Sara Schoonmaker

Professor, Soc & Anthropology
Soc & Anthropology


Bekins Hall
P: 909.748.8712

Office: Soc and Anthropology, Bekins Hall #107

Academic Interests and Areas of Expertise

  • Prospects for Free Software to contribute to developing alternative new forms of globalization from below

  • Theorizing the role of digital technologies and digital cultures in contemporary capitalism

  • Alternatives to the dominant form of neoliberal globalization and consumer culture

Current Research

Sara is currently researching ways that Free Software contributes to developing two alternative forms of globalization from below. The first form develops through firms' activities in the Free Software market. The second arises as communities, associations and governments promote Free Software as a public good that fosters social justice. She views both of these alternative forms as grounded in the nature of Free Software as a viral form of property that transforms the dominance of private property in contemporary capitalisms. Through interviews, participant observation and archival work, Sara explores the roles of free software associations, companies and communities, as well as national and local governments, in developing Free Software. She is writing a book and scholarly articles analyzing how these Free Software proponents developed a community form of property that requires users and developers to allow access to the source code and thus to participate in a software-sharing community. As property, Free Software is globally accessible, forming an infrastructure for engaging in business, education, entertainment and more through computers and the Internet. Somewhat paradoxically, however, this technology is developed and implemented through communities grounded in national contexts, each with its own political, economic, cultural and discursive conditions for access to and further development of free software. By exploring these conditions in a global, comparative context, Sara's research thus speaks to the fundamental relationship between technological development and the complex processes that shape it in the global political economy.

Courses Offered at Redlands

  • Development and Change in the Americas

  • Consumers and Consumption

  • Consume the Local / Hack the Global

  • Norms, Liberation, and Danger

  • Children and Youth

  • Contemporary Social Theory

  • Survey Research Methods

Degrees Held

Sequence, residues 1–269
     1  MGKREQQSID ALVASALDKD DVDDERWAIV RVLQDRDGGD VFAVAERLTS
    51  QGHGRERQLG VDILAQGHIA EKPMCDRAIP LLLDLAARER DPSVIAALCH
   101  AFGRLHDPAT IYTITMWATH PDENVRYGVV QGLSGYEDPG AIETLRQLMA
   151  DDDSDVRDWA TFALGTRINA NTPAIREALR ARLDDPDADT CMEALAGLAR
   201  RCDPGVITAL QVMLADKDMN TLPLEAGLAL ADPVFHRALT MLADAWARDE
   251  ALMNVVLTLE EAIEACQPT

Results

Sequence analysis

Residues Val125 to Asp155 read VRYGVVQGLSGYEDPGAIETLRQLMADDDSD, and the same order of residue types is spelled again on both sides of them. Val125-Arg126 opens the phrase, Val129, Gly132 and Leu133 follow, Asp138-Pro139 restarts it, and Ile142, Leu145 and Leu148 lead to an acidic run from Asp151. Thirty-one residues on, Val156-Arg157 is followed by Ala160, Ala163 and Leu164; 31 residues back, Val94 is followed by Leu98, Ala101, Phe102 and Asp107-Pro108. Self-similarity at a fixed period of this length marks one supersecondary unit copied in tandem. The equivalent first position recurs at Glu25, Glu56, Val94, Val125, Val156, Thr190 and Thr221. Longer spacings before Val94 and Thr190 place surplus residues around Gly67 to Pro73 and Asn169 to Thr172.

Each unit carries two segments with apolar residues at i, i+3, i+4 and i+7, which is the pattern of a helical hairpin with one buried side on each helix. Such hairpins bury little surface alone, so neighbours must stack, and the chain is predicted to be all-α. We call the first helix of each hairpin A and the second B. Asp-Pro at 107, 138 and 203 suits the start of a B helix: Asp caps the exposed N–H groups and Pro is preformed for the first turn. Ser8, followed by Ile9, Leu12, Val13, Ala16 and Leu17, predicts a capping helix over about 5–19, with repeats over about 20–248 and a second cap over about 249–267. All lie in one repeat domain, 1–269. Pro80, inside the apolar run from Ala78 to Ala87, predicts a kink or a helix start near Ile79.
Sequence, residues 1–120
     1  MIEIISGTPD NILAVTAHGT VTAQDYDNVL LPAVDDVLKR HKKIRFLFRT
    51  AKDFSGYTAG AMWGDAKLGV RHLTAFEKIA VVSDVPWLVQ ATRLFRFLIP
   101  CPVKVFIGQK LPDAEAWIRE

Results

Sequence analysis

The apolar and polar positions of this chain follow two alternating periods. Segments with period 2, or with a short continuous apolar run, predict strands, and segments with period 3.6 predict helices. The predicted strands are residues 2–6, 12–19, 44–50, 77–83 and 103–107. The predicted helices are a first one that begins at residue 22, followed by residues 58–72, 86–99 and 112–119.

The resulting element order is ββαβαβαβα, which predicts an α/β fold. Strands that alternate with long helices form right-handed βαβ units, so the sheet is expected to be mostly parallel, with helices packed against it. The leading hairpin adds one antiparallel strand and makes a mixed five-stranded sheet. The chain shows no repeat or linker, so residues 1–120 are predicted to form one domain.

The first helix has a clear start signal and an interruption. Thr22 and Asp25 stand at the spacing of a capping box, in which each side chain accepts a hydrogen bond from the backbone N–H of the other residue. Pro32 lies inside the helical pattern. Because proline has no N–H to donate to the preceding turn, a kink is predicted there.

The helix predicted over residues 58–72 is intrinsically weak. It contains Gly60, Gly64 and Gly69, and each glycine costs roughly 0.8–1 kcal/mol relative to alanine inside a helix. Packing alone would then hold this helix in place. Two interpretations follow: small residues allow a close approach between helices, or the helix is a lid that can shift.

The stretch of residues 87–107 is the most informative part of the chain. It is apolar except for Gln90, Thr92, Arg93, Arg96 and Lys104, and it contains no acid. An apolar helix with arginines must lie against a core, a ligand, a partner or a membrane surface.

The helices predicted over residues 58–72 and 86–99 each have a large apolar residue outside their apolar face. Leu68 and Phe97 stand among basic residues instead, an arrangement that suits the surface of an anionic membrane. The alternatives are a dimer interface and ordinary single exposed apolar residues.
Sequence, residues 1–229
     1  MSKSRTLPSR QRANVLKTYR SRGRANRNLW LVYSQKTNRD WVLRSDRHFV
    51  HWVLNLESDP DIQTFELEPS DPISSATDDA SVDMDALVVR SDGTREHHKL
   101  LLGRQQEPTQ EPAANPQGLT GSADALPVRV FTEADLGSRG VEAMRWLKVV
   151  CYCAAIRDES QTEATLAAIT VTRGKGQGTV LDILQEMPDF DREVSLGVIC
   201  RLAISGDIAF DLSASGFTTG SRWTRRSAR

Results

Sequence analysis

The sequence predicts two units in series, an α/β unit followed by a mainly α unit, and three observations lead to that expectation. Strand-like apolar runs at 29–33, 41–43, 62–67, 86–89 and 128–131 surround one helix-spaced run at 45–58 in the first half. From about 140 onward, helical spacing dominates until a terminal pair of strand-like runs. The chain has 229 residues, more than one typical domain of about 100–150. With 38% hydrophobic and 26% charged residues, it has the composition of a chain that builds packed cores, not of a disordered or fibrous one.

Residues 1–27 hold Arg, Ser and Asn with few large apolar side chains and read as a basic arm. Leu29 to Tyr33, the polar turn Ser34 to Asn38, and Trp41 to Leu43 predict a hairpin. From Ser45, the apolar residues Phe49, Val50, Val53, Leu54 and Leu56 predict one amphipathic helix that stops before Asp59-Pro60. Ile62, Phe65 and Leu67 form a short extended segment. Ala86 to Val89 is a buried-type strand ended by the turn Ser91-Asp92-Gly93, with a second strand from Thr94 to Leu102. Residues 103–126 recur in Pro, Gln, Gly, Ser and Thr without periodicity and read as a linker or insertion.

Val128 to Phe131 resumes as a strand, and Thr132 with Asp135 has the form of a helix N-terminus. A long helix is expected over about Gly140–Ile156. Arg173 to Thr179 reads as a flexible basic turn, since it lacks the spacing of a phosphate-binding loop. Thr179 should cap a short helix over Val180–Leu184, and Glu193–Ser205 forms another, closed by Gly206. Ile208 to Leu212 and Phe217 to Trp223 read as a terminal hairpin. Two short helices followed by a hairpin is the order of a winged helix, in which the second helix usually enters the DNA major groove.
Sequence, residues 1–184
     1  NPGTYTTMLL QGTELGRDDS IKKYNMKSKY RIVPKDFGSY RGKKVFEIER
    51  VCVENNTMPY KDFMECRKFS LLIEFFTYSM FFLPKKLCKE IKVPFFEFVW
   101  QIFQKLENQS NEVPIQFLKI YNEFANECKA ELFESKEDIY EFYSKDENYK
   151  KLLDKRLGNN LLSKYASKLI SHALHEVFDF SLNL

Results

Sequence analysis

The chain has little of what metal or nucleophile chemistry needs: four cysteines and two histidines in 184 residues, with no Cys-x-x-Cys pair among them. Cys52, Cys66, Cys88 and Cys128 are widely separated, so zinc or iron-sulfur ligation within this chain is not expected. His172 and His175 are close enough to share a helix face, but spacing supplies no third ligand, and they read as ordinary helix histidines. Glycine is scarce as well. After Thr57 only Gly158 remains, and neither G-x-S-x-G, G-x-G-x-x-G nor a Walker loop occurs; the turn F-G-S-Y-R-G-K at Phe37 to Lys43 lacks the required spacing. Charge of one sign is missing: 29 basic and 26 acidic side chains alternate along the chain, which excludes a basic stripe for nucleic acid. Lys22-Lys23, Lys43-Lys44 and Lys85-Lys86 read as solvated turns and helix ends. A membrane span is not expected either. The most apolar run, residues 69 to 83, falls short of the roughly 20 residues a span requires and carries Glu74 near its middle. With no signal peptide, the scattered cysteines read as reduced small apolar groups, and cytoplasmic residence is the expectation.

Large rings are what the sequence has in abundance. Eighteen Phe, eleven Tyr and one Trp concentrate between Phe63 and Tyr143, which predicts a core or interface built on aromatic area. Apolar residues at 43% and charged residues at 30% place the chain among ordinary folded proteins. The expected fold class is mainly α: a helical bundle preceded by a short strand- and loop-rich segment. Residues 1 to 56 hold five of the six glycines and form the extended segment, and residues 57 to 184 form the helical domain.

• Ph.D. Sociology, Boston College 1990

  • B.A. Latin American Studies, Earlham College 1981

Previous Teaching Experience

  • Assistant Professor. Colgate University, 1989-1994

  • Visiting Instructor. Hamilton College, 1988-1989

Professional Experience

Consultant. United Nations Centre on Transnational Corporations, 1985

Awards and Grants Received

  • University of Redlands Faculty Research Grant, 2011 ($2,000)

  • University of Redlands Faculty Research Grant, 2010 ($1,500)

  • University of Redlands Faculty Research Grant, 2006 ($3,000)

  • University of Redlands Faculty Research Grant, 2002 ($1,250)

  • University of Redlands Faculty Research Grant, 2001 ($3,000)

Publications, Presentations and Panels

2013. Hacking the Global: Making (and Unmaking) Markets through Free Software. Santa Clara University.

2012. "Hacking the Global: Constructing Markets and Commons through Free Software." Information, Communication and Society 15 (4), pp. 502-518.

2012. "Forking Digital Inclusion: The Development of LibreOffice and The Document Foundation." Presented at the International Sociological Association Meeting.

2009. Software Politics in Brazil: toward a political economy of digital inclusion. Information, Communication and Society 12 (4) 548-565.

2009. French Software Politics: The Freedom Discourse and Globalization from Below. Presented at the 104th Annual Meeting of the American Sociological Association.

2007. "Globalization from Below: Free Software and Alternatives to Neoliberalism." Development and Change 38 (6), 999-1020.

2006. "Piece of Cake: Children's Birthday Celebrations and Alternatives to Consumer Culture." Sociological Focus 30 (3), 217-234.

2005. "Shifting Strategies of Sovereignty: Brazil and the Politics of Globalization." In Philip McMichael and Fred Buttel (Ed.), New Directions in the Sociology of Global Development (pp.301-331). JAI Press.

2005. Confronting Global Capital through Trade Politics: Brazil's Emergent Internationalism. Invited talk at University of California, Riverside speaker series on Confronting Global Capital: The Challenges of Global Democracy.

2003. High-Tech Trade Wars: Brazilian Informatics and the Politics of Globalization." Invited talk at Latin American Studies Colloquium Series. University of California, Riverside, 2003.

2002. High-Tech Trade Wars: U.S.-Brazilian Conflicts in the Global Economy. University of Pittsburgh Press.

1995. "High-Tech Development Politics: New Strategies and Persistent Structures in Brazilian Informatics." The Sociological Quarterly 36 (2), 701-727.

1995. "Regulation Theory and the Politics of Global Restructuring." Current Perspectives in Social Theory, Vol. 15, 213-244.

1994. "Capitalism and the Code: A Critique of Baudrillard's Third Order Simulacrum." In Douglas Kellner (Ed.), Baudrillard: A Critical Reader (pp.168-188). Oxford, UK: Basil Blackwell.

Professional Affiliations

American Sociological Association
International Sociological Association